8. Min BinaryHeap Definition • template <typename Comparable> • class MinBinaryHeap { • public: • explicit MinBinaryHeap(int capacity = BIG); • explicit MinBinaryHeap(vector<Comparable>& items); • bool isEmpty() const; • const Comparable& findMin() const; • void insert (const Comparable& x); • void deleteMin(); • void deleteMin(Comparable& min_item); • void makeEmpty(); • private: • int currentSize; • vector< Comparable > array; • void buildHeap(); • void percolateDown(int hole); • };

  9. MinBinaryHeap Implementation • template <typename Comparable> • const Comparable& MinBinaryHeap::findMin( ) const • { • if ( isEmpty( ) ) throw Underflow( ); • return array[1]; • }

  10. Insert Operation • Must maintain • CBT property (heap shape): • easy, just insert new element at “the end” of the array • Min heap order • could be wrong after insertion if new element is smaller than its ancestors • continuously swap the new element with its parent until parent is not greater than it • called sift up or percolate up • Performance of insert is O( lg n ) in the worst case because the height of a CBT is O( lg n )

  11. MinBinaryHeap Insert (cont’d) • template <typename Comparable> • void MinBinaryHeap<Comparable>:: • insert(const Comparable & x) • { • if (currentSize == array.size( ) -1) • array.resize( array.size( ) * 2) • int hole = ++currentSize; • // percolate up • for (; hole > 1 && x < array[hole/2]; hole /= 2) • array[hole] = array[hole/2]; • // put x in hole • array[hole] = x; • }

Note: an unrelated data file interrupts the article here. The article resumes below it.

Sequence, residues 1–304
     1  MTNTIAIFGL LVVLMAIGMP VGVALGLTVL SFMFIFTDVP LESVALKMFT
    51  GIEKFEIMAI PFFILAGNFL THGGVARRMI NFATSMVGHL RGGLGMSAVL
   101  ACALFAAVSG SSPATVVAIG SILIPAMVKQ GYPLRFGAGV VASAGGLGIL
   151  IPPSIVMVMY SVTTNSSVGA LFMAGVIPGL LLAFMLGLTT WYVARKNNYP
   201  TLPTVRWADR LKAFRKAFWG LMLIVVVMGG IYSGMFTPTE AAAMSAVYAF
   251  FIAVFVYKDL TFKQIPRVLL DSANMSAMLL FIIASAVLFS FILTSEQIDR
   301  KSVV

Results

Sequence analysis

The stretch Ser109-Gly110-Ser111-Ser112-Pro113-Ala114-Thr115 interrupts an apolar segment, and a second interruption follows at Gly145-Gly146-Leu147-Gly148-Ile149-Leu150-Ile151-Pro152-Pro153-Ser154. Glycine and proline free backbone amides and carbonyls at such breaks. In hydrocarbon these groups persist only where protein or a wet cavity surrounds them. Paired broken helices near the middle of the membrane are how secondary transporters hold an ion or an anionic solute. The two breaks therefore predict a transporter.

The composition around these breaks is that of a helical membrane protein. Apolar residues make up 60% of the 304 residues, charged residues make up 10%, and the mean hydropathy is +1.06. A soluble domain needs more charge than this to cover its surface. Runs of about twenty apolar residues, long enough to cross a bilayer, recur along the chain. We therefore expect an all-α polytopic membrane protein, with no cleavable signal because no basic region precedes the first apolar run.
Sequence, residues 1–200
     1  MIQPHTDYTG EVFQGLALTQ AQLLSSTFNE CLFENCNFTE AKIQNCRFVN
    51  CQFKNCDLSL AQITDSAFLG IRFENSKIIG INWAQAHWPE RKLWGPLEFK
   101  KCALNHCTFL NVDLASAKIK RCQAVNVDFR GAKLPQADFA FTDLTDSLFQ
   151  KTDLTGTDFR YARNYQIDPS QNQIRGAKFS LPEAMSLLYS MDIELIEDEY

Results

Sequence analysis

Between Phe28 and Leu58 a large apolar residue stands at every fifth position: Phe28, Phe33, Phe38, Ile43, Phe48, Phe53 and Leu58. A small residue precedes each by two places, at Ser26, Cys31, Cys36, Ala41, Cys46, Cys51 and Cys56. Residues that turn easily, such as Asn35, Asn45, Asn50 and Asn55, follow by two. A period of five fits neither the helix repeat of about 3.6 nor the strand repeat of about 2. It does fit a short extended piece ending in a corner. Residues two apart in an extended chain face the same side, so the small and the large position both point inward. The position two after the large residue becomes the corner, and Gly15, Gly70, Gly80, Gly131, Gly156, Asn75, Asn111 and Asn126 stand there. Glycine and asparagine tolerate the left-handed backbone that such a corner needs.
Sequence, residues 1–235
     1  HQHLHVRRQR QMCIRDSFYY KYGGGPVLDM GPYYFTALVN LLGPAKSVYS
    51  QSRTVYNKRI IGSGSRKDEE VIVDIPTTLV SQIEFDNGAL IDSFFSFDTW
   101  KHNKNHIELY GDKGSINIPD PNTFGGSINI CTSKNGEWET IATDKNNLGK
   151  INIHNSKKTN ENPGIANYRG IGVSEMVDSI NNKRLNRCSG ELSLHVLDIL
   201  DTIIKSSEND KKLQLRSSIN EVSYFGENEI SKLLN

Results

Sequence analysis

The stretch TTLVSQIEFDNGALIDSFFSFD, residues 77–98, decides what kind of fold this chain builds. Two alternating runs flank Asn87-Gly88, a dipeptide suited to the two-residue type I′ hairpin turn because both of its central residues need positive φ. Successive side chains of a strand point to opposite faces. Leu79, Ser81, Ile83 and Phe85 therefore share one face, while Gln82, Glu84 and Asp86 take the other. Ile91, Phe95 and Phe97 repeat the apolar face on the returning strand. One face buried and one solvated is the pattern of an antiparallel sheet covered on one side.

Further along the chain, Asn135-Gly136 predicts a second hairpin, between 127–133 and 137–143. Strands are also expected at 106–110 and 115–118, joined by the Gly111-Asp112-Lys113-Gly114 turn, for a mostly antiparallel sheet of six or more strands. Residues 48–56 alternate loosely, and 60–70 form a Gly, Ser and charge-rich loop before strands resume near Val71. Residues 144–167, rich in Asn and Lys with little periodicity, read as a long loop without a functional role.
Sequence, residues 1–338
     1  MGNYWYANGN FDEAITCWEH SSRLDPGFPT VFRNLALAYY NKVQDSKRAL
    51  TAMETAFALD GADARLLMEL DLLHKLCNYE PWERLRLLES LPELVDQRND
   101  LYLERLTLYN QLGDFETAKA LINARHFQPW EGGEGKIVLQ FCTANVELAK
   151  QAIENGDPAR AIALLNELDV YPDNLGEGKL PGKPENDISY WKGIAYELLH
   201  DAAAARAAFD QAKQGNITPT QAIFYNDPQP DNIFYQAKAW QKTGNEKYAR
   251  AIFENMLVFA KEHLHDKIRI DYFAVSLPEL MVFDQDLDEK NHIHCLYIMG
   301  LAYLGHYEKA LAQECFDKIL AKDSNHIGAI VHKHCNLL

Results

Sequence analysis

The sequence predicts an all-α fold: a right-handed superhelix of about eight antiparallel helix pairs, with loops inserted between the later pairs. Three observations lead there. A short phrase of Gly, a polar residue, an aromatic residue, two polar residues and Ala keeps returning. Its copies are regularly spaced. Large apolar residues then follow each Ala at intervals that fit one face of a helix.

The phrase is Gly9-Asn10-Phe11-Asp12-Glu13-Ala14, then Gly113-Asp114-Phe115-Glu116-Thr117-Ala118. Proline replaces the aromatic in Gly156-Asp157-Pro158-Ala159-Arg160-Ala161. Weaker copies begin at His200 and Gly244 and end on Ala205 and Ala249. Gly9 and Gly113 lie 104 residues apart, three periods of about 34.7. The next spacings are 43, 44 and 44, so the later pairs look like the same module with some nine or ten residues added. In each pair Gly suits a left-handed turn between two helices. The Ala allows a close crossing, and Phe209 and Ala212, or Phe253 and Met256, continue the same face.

12. Deletion Operation • Steps • remove min element (the root) • maintain heap shape • maintain min heap order • To maintain heap shape, actual node removed is “last one” in the array • replace root value with value from last node and delete last node • sift-down the new root value • continually exchange value with the smaller child until no child is smaller

  13. MinBinaryHeap Deletion(cont) • template <typename Comparable> • void MinBinaryHeap<Comparable>:: • deleteMin(Comparable& minItem) • { • if ( isEmpty( ) ) throw Underflow( ); • minItem = array[1]; • array[1] = array[currentSize--]; • percolateDown(1); • }

  14. MinBinaryHeap PercolateDown (cont’d) • template <typename Comparable> • void MinBinaryHeap<Comparable>::percolateDown(int hole) • { • int child; • Comparable tmp = array[hole]; • for (; hole * 2 <= currentSize; hole = child) • { • child= hole * 2; • if (child != currentSize • && array[child + 1] < array[ child ] ) • child++; • if (array [child] < tmp) • array[ hole ] = array[ child ]; • else break; • } • array[hole] = tmp; • }